|The Coronation of the
Neither scripture nor Catholic dogma says anything about Mary being crowned upon her arrival in Heaven, yet this has been a popular theme in the art for more than eight centuries. It developed from the fervent language in early medieval accounts of Mary's bodily assumption into Heaven, in particular Gregory of Tours' Glory of the Martyrs (6th century) and a sermon incorrectly attributed to Saint Jerome. In the latter, Mary enters Heaven as a "glorious queen" and "celestial legions" lead her to her throne.
This celebration of Mary's queenly dignity led to an image type in which Mary and Christ sit enthroned side by side, usually wear matching crowns, and are flanked by two angels who represent those celestial legions. The earliest known sculpture of this type is the upper register of a tympanum in the Cathedral of Senlis (ca. 1170). The lower register depicts the Dormition and Assumption. This composition is repeated almost exactly in a tympanum at Chartres (1194-1260) and invites comparison with the apse mosaics in Santa Maria Maggiore and Santa Maria in Trastevere.
In a strict sense the Senlis and Chartres tympana should not be called Coronation images, because Mary is already wearing her crown. But a tympanum at Notre Dame de Paris (1163-1285) does depict an actual crowning within the same compositional type: An angel reaches down from above the Virgin to place the crown on her head. The same composition also appears in an ivory of the same period.
A 13th-century wall painting in Black Bourton, England, uses the pattern that will prevail in the ensuing centuries: As the two sit enthroned and flanked by angels, the Son lifts his right hand to crown his mother. This pattern was adopted for many Coronations in the 14th and 15th centuries (as at left), often with the flanking angels joined by veritable "celestial legions" of others.
The 13th century also saw the composition of the Golden Legend, whose extensive chapter on the Assumption of Mary and her glorious entry into Heaven quotes copiously from the pseudo-Jerome sermon and provides a wealth of details that will be used by artists in the ensuing years.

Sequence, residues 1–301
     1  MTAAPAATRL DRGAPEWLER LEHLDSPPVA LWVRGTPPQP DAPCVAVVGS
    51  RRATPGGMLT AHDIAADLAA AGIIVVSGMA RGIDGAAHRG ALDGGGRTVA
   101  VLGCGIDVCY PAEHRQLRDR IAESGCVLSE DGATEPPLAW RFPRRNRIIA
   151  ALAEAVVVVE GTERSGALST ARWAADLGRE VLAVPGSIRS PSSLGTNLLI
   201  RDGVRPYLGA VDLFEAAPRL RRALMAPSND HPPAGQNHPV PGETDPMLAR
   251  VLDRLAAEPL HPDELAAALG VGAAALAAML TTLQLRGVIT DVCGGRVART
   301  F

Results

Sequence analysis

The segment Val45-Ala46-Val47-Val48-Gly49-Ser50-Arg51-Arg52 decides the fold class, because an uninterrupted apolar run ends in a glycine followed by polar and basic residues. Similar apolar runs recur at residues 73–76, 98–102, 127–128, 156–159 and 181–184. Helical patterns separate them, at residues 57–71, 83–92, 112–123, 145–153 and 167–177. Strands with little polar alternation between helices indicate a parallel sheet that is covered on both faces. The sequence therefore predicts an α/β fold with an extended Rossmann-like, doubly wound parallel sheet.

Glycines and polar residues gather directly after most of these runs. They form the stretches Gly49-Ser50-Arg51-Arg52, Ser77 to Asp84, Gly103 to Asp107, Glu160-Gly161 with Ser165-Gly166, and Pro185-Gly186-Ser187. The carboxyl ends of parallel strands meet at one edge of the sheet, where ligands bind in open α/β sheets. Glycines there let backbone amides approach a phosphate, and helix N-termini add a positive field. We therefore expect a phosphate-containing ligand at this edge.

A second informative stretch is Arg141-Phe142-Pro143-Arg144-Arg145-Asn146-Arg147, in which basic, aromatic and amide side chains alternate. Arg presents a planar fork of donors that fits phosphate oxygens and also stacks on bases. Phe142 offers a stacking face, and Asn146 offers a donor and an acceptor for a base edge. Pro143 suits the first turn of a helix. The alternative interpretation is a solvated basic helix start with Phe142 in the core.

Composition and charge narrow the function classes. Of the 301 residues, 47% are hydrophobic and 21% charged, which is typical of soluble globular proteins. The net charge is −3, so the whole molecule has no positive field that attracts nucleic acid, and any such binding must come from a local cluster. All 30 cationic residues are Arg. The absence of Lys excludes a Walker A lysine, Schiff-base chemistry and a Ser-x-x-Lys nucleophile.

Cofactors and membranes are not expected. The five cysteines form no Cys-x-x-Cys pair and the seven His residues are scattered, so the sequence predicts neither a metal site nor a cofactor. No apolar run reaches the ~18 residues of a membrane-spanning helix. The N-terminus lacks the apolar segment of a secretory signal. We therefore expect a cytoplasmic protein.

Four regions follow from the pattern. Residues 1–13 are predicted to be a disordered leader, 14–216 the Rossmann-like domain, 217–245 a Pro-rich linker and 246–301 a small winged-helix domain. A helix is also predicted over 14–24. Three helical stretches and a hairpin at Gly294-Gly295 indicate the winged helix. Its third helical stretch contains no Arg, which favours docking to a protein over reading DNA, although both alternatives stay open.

Another pattern has Mary seated between the Son and the Father, who together place the crown on her head while the Holy Spirit hovers just above (example). A Spanish relief from 1200 appears to include an antecedent of this type. In an unusual Spanish example from the 18th century, Mary is encircled by the three persons of the Trinity, one of whom (the Father?) has just placed the crown on her head.
The third pattern has Mary kneeling at left, sometimes with her arms crossed on her breast, before the seated Father, who places the crown on her head (example).
All three patterns give the artist an opportunity to populate Heaven with his own or his patron's choice of characters. Annibale Carracci, for example, took the opportunity to visualize Heaven as a crowded spherical theatre reminiscent of Dante's Paradiso.
There is also some flexibility in the associations that artists can draw through juxtaposition. Raphael puts the coronation above a scene of apostles standing around the empty coffin. The ivory mentioned above juxtaposes Mary's coronation with the Resurrection of the Body. And the Notre Dame tympanum sets it above a representation of the Ark of the Covenant.
Feast day: There is no separate feast for the Coronation. The Assumption is celebrated on August 15.
At left, The Coronation of the Virgin - Giovanni di Paolo
Sagrada Familia, Barcelona
Italian painting, 15th century
Golden Legend #119: html or pdf
Gregory of Tours, chapter from Glory of the Martyrs
(will be posted January 2006)